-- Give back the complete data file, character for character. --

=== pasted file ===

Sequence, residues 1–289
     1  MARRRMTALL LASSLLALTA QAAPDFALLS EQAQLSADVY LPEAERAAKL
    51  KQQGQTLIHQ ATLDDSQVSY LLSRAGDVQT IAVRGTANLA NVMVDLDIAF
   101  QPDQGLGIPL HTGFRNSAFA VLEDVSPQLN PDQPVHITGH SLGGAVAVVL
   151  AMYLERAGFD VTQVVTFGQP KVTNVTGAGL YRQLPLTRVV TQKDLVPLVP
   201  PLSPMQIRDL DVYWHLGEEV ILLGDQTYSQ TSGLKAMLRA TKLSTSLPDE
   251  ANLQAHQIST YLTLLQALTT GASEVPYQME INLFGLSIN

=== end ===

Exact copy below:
Sequence, residues 1–289
     1  MARRRMTALL LASSLLALTA QAAPDFALLS EQAQLSADVY LPEAERAAKL
    51  KQQGQTLIHQ ATLDDSQVSY LLSRAGDVQT IAVRGTANLA NVMVDLDIAF
   101  QPDQGLGIPL HTGFRNSAFA VLEDVSPQLN PDQPVHITGH SLGGAVAVVL
   151  AMYLERAGFD VTQVVTFGQP KVTNVTGAGL YRQLPLTRVV TQKDLVPLVP
   201  PLSPMQIRDL DVYWHLGEEV ILLGDQTYSQ TSGLKAMLRA TKLSTSLPDE
   251  ANLQAHQIST YLTLLQALTT GASEVPYQME INLFGLSIN